By John L. Ross / Staff Writer
That’s the end result of the former Knox County Health Department building after an auction Sept. 28.
During the regular monthly meeting of the Barbourville City Council Thursday, Mayor David Thompson announced the building sold for $167,000.
He said that business partners Tim Bargo and Mike Mills bought the building — originally competing with four bidders on the outset.
“They already took possession,” Thompson said. “And they’re already seeking tenants for it.”
No discussion or vote was required for this.
During the Sept. 10 meeting, council members held a 10-minute executive session. After the session ended, it was learned that council agreed to set the reserve dollars for the sale of the old Health Department building, located behind city hall.
Thompson explained then the building is city-owned and that it is approximately 9,800 square feet.
However, before that could happen, the city had to surplus the building.
During a special-called meeting June 26, council members unanimously agreed to declare the building as “surplus property.”
Once that designation was official, that’s when council members agreed to auction off the building.
During that meeting, Thompson said the city had been paying approximately $20,000 to maintain the building, which served no purpose for the city.
He explained that $10,000 was the annual payment to the Knox County Health Department for the $100,000 building loan — maintenance and utilities bills also required payment.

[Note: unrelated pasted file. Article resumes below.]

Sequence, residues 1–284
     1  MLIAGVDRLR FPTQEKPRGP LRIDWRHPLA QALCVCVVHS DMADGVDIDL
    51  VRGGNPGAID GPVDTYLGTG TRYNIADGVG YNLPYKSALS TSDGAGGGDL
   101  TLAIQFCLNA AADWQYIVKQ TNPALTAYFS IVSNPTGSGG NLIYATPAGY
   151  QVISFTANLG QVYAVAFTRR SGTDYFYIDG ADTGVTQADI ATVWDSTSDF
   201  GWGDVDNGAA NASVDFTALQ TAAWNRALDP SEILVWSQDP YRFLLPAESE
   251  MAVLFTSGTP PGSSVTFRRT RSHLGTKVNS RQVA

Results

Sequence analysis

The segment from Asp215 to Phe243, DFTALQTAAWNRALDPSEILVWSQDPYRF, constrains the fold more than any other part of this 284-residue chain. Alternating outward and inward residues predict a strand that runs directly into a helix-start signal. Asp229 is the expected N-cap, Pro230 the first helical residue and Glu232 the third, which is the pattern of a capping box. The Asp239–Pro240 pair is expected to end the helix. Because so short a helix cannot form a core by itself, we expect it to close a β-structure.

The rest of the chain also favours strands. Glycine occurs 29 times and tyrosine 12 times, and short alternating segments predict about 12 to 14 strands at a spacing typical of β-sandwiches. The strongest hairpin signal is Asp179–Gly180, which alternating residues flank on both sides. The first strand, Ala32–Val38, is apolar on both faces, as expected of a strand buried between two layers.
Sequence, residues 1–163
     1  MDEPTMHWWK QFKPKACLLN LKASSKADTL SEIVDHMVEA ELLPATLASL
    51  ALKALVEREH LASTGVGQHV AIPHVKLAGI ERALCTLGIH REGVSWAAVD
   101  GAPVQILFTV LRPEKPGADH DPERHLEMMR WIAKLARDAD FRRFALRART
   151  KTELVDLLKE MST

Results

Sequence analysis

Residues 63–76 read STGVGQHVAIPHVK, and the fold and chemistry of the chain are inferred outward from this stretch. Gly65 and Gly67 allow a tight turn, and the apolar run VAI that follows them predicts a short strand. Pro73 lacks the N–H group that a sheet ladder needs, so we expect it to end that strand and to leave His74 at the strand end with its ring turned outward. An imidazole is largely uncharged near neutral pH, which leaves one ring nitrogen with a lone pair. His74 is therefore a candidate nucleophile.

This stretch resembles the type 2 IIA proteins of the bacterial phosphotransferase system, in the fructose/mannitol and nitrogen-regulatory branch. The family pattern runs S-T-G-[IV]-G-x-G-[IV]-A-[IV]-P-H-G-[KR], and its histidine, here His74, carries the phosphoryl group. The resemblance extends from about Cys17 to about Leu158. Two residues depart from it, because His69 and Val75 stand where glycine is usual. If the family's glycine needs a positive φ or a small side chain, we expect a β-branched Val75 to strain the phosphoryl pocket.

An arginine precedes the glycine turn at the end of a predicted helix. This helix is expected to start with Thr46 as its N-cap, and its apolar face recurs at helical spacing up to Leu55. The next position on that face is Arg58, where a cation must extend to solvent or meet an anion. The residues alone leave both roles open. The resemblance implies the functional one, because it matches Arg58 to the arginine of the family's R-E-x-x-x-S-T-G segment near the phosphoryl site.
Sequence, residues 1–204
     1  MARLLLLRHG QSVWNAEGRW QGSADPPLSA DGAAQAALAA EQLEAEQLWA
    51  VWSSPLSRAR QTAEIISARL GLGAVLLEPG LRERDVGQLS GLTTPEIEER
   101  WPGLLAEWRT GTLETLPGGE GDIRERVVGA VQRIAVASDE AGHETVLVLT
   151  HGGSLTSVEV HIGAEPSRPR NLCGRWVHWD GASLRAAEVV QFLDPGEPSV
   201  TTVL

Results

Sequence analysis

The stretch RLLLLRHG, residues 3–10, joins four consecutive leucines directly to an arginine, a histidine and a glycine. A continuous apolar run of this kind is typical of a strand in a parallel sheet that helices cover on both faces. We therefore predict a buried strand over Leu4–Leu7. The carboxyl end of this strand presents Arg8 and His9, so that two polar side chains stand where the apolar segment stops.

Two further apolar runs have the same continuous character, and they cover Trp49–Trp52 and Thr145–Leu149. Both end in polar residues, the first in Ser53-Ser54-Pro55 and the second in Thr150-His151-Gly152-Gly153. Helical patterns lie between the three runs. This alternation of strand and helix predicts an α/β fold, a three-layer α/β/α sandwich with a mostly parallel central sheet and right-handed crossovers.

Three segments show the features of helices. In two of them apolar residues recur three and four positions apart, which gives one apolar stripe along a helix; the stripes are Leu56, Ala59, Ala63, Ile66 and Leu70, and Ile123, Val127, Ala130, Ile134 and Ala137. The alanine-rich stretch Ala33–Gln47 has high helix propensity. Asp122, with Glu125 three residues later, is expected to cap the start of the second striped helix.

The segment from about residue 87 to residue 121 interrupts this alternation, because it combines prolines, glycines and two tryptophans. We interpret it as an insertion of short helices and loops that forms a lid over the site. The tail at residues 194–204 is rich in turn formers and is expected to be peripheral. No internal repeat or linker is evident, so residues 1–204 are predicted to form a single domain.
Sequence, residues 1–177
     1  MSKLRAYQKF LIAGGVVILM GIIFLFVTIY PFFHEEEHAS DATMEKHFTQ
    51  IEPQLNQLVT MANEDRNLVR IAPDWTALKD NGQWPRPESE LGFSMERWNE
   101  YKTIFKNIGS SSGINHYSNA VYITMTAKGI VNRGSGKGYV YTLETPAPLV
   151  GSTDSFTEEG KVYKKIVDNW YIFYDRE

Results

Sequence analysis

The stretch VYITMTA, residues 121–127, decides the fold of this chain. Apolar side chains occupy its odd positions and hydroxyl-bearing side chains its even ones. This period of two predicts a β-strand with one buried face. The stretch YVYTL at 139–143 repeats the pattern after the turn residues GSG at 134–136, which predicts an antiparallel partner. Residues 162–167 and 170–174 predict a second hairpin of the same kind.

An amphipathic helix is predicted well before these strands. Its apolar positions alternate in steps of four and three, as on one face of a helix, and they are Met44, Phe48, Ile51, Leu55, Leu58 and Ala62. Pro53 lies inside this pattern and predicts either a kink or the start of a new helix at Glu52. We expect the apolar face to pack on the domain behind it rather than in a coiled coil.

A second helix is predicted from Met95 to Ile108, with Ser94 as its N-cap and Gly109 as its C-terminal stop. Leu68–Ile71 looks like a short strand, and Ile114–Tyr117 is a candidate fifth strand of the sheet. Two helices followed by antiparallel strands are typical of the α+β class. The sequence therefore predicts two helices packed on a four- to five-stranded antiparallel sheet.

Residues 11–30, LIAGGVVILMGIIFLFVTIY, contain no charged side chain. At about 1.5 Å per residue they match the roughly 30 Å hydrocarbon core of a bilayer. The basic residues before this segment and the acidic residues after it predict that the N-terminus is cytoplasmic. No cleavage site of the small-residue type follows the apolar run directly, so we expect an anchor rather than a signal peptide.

“The proceeds from the auction will go toward paying the health department the loan difference,” Thompson said, adding that anything over that amount will end up in the city’s coffers.
The original building was constructed in the 1960s, according to Thompson. After some time the city donated the small building to the Knox County Health Department.
They, in turn, made it bigger.
“The agreement was that if they ever left the property it would revert back to the city,” Thompson explained.
And four years ago when the new building was complete — the building did indeed fall back into the city’s possession.
When the city took over, Thompson explained the city paid the health department $100,000 — at $10,000 a year.
When the decision was made to surplus, and then sell the building, city budget planners added the expected monies from the sale to the budget figures.
“This is more than what we put into the budget,” Thompson said. “And because it brought more, it did help balance the budget.”
He said the city continuously had a difficult time finding renters for the property — which led to the finance committee’s decision to surplus and sell the building to balance the 2013-2014 budget.
By John L. Ross / Staff Writer
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